Five Must-Ski Trails at Beaver Creek

Don't miss these top runs for advanced to expert skiers.

By Devon O’Neil December 15, 2020 Published in the Winter/Spring 2020–2021 issue of Vail-Beaver Creek Magazine

When it comes to skiing, the menu at modern-day Beaver Creek is like a different species compared with the original. The resort remains as perfect a place to learn as there is in North America; now, however, with more than four times the acreage and some of the longest double-black runs in Colorado, advanced and expert skiers have as many reasons to visit as those teaching their 4-year-old to make a pizza. Here are five runs not to miss at the Beav.

1. It was the most famous run when the resort opened, and you could argue CENTENNIAL—host of the 1989 World Championship downhill—remains the marquee attraction 40 years later. You start at the summit off the Cinch Express lift, elevation 11,440 feet, and race down the fall line for 2.75 miles and 3,340 vertical feet, riding the spine of the mountain, in full view of everyone on the chair, until you finish at the base village. “When it’s groomed and you can ski it top to bottom, it’s breathtaking. It really is,” says ski patrol director Addy McCord.

2. Of course, schussing Centennial is not the only way to get that feeling. Both Carl Eaton and McCord consider HARRIER, accessed by heading skier’s left from the top of Centennial Express, to be a personal must-hit if the snow is good. “Unfortunately, so do a lot of other people,” chuckles McCord. “But it’s the place to go scoot off—a long, cool run that you can ski 10 times and have 10 absolutely different experiences on it.” Adds Eaton, “It’s all natural snow, no snowmaking except at the very top. And they usually only groom half the run, so if there’s good powder, you can get some fluffy turns for a while and then hop back on the corduroy.”

3. Among the Grouse Mountain steeps, a handful of runs get most of the glory, from in-your-face bumps on Osprey to the more secluded Royal Elk Glade. But somehow SCREECH OWL tends to be overlooked, and it shouldn’t be. “It holds snow because it’s north-facing, the powder stays good, it’s steep so it’s fun, and it’s not super popular because it’s kind of tucked off to the side,” says McCord. Stay hard skier’s right off the Grouse Mountain chair and follow the fall line.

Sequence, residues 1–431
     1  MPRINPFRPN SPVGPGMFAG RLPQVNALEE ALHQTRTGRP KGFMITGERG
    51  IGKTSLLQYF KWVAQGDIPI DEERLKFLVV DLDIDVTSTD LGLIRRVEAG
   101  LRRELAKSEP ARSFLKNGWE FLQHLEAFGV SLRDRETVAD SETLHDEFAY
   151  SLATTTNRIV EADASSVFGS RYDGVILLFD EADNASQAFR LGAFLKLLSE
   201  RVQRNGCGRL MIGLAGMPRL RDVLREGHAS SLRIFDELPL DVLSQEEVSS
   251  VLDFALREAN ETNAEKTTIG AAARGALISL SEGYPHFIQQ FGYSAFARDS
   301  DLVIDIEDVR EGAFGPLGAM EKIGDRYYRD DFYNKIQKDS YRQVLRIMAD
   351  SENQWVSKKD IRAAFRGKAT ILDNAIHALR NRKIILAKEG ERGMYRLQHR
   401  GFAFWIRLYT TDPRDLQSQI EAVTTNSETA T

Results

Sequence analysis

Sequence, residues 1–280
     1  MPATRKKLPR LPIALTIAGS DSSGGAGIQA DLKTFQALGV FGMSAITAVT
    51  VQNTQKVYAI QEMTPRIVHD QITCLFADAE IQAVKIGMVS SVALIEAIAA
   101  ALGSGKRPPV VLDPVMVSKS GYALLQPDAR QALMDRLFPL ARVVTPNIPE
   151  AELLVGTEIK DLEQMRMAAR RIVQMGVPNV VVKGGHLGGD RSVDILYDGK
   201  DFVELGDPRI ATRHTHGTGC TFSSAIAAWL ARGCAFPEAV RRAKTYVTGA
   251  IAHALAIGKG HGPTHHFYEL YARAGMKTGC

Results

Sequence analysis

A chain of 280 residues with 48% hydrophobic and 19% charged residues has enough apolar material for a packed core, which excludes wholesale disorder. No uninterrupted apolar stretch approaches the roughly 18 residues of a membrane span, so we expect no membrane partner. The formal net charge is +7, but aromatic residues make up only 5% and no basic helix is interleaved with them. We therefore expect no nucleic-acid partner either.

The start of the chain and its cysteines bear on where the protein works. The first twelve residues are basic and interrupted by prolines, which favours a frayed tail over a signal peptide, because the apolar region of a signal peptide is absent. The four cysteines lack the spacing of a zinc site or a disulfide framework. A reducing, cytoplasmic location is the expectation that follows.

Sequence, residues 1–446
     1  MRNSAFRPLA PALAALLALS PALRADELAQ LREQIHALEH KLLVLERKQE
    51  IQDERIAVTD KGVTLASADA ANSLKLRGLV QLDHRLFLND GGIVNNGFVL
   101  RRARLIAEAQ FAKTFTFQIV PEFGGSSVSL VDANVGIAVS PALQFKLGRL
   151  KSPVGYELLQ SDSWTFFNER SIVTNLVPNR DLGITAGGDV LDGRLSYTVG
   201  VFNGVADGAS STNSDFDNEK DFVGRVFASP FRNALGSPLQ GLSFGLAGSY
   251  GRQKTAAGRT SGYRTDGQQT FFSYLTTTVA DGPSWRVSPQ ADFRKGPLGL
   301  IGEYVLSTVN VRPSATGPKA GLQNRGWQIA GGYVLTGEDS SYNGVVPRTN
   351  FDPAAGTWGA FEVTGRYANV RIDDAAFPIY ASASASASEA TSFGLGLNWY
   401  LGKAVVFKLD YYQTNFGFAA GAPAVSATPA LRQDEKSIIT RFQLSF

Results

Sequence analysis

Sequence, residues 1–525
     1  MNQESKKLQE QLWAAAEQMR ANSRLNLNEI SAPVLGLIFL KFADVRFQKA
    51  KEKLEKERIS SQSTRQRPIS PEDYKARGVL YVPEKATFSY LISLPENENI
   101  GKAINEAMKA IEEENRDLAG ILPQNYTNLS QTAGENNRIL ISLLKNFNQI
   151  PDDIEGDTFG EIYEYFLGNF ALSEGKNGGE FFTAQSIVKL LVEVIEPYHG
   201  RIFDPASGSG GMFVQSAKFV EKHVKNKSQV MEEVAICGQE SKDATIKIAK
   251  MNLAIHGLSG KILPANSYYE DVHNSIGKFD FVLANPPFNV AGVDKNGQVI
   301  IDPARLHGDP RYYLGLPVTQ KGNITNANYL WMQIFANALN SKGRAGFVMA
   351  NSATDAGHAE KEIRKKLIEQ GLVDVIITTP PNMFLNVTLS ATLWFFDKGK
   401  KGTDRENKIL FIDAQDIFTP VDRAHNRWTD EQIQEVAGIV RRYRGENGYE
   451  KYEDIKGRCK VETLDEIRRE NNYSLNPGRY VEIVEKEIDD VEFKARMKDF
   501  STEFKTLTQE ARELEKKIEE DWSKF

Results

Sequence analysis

4. GOLDEN EAGLE, which doubles as the Birds of Prey downhill course, doesn’t get groomed every day, which means it’s hard to time just right after a storm. But if the stars align and you know it was groomed right before the heavens started to dump, head there right away. “That’s kind of my favorite run, when there’s a foot of fresh on top of smooth corduroy on Birds of Prey,” says VP of mountain operations Gary Shimanowitz. “I can come over the Brink and arc turns like I’m Hermann Maier.” It’s easy enough to join Golden Eagle partway down after riding the Birds of Prey Express, but for the top-to-bottom experience, access it from Cinch Express.

5. After 30 years working at Beaver Creek and 10 years skiing it before that, Carl Eaton prioritizes quality turns over quantity these days. But the resort’s director of lift maintenance still gets jazzed every time he gets to ski one of his favorite lines: BALD EAGLE to FALCON PARK on Grouse Mountain. “It stair-steps, and each little pitch drops down and gets a little steeper,” Eaton says. “By the time you’re near the bottom, it’s really steep.” Stay skier’s left off the Grouse Mountain lift, then join up with Bald Eagle and ski the fall line until bearing slightly right onto Falcon Park for the final thigh-burning pitches.  

Did you know?

  •  Beaver Creek has 24 lifts, including two gondolas and 11 high-speed quads.
  •  Of the resort’s 1,832 skiable acres, 39 percent is expert/advanced, 42 percent intermediate, and 19 percent beginner.
  •  The resort averages 323 inches of snow and 275 days of sunshine each year.
  •  Measured from Arrowhead Village to the summit of Cinch Express, Beaver Creek’s vertical drop is 4,040 feet.
  • They may not tweet when they’re here, but celebrities  Beaver Creek. Among those who have skied the Beav: Jessica Biel and Justin Timberlake, Britney Spears, Kareem Abdul-Jabbar, David Robinson, John Elway, Tom Hanks, Kelsey Grammer, Clint Eastwood, Oprah Winfrey, and Arnold Schwarzenegger.
  • You can rent the former Beaver Creek home of President Gerald R. Ford. With seven bedrooms, 10.5 baths, an indoor pool, a “presidential office,” and a new $4 million renovation, rates start at $12,635 a week.
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